7 Contemplations for Realizing the Spiritual Introvert Edge (for introverts AND extroverts)
posted by Dr. Arnie Kozak
“Spiritual but not religious” is a popular designation. What does it mean to be spiritual? There may be as many definitions of spirituality as spiritual people. Everyone puts their unique imprint on what it is to be a spiritual person. These definitions range from religious without the ritual, super-natural, and mystical on one end of the continuum to humanistic, value-based, and practical on the other. I tend to prefer the latter—a spirituality defined as anything that transcends the individual narrative of self. It manifests in your values: what you consider to be most important in your life. It goes beyond selfish concerns to a compassionate engagement with self, others, and the planet-at-large. Spirituality opens us to realms of consciousness that are simply not available when we are self-preoccupied. Introverts and extroverts have equal access to spirit and will approach it from different angles.
Introversion and Extroversion Within All of Us
Recently, there has been a lot of talk about introverts and extroverts. We all have qualities of both, with most of us having a center of gravity that resides in one end of that continuum or the other. Our introvert tendencies have a preference for thinking over action, quiet time to boisterous socializing, and intense focus on one thing over a multiplicity of activities. An extroverted form of spirituality can be found in evangelical Christianity. Here, the spiritual action is social—converting people to the faith with less of an emphasis on quiet contemplation. An introverted form of spirituality can be found in the teachings of the Buddha, a quiet path of interior contemplation, meditation, and stillness.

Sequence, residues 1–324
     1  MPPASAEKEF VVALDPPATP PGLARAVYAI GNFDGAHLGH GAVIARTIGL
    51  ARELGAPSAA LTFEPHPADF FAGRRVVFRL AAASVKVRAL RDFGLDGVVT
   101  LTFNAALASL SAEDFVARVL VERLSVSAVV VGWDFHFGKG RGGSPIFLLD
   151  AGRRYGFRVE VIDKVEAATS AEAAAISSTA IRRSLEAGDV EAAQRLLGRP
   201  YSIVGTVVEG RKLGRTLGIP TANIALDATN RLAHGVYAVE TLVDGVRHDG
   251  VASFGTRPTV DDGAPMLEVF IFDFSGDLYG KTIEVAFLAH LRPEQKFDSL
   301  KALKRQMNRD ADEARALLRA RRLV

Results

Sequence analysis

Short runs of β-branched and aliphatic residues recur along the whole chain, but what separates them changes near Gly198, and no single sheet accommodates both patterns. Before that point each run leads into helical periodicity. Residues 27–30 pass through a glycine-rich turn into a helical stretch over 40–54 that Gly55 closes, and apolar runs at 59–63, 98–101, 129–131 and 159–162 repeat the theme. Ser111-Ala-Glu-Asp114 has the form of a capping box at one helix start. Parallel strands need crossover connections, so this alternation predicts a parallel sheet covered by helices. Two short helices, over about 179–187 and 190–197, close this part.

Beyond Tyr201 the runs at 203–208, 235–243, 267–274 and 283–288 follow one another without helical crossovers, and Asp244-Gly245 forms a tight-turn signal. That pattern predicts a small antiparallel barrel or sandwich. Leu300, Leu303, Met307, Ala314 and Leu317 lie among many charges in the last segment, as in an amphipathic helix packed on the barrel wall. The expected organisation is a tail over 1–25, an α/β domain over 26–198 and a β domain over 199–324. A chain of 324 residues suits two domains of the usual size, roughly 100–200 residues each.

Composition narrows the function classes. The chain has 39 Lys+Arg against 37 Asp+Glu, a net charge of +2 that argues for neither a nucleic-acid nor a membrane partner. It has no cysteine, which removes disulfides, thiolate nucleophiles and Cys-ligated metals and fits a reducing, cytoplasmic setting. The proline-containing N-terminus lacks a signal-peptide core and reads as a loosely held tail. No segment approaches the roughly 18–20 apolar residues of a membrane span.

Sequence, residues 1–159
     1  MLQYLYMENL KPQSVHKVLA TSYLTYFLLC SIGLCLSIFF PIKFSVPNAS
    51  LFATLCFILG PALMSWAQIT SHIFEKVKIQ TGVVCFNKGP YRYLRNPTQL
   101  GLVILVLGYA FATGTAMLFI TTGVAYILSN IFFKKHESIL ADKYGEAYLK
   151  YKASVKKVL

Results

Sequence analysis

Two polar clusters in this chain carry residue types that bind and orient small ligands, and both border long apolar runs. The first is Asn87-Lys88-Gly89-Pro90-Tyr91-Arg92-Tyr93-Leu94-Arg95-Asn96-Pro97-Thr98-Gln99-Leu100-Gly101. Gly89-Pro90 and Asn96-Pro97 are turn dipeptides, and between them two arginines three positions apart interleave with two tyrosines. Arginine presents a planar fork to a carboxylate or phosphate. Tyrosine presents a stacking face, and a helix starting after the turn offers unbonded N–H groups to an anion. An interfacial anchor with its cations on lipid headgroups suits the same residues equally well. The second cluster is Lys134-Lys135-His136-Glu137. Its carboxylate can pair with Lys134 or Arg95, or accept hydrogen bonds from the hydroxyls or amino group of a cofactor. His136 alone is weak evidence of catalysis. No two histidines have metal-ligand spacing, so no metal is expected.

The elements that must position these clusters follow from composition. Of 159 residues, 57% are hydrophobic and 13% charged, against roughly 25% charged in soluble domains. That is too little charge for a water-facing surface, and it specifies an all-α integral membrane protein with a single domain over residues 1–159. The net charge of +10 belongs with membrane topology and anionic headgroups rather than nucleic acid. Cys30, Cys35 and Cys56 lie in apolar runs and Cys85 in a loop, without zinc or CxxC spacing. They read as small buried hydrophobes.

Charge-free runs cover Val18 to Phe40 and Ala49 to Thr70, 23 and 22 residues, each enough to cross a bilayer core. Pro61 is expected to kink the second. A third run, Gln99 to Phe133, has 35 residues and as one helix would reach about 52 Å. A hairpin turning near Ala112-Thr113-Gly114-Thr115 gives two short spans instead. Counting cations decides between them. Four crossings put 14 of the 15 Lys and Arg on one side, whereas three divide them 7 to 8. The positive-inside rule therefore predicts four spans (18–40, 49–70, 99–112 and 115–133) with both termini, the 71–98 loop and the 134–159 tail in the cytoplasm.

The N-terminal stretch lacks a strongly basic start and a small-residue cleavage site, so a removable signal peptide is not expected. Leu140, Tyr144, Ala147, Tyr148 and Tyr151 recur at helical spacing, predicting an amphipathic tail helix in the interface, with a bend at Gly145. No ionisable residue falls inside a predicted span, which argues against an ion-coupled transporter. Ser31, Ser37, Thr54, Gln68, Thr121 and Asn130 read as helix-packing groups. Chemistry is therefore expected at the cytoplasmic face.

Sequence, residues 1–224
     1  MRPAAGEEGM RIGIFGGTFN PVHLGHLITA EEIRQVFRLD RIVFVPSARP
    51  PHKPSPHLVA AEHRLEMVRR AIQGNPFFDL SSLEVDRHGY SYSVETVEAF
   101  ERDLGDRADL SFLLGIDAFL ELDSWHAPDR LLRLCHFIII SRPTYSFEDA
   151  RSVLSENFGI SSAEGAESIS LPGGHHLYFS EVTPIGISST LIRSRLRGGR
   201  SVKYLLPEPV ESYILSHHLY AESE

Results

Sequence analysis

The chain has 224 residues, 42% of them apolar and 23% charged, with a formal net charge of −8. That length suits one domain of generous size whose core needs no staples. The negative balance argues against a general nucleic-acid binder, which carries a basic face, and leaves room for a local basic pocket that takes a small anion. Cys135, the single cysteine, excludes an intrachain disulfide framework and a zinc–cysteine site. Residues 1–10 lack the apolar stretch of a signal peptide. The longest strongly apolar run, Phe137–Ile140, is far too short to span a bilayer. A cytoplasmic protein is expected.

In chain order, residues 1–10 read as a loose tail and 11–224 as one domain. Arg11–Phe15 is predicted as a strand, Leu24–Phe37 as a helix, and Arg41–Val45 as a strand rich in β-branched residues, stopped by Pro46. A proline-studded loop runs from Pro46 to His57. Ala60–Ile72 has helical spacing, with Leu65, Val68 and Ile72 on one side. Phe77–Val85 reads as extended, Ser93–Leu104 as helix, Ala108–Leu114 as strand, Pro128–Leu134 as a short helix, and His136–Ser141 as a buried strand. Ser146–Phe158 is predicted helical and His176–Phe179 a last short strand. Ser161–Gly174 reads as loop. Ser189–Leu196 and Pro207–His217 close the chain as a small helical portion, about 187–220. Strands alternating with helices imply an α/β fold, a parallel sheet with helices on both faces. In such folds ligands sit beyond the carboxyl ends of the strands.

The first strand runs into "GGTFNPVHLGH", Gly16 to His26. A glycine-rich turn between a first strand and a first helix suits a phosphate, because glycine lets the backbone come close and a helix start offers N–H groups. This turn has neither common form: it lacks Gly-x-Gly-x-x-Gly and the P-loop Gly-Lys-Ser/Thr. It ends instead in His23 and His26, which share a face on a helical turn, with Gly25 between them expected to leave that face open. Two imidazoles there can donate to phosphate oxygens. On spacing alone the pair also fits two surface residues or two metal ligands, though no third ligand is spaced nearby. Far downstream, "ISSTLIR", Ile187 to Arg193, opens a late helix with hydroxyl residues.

The Interior Door to Spirit
The inner door to spirit requires a quiet place of solitude to be realized. It is found when the body is still and the mind stops its talking, commentary, and judgment. The interior will be more familiar, comfortable, and accessible for introverts. The interior is also accessible for extroverts when they develop an interest towards the internal world of imagination, concentration, and contemplation. Access to the interior is a learnable skill; you can practice it whether you are an introvert or an extrovert. This access will likely involve slowing things down so you can appreciate the subtleties of your senses and the mind. The interior can be a nuanced form of perception as well as an explosion of emotional intensity, creativity, and insight.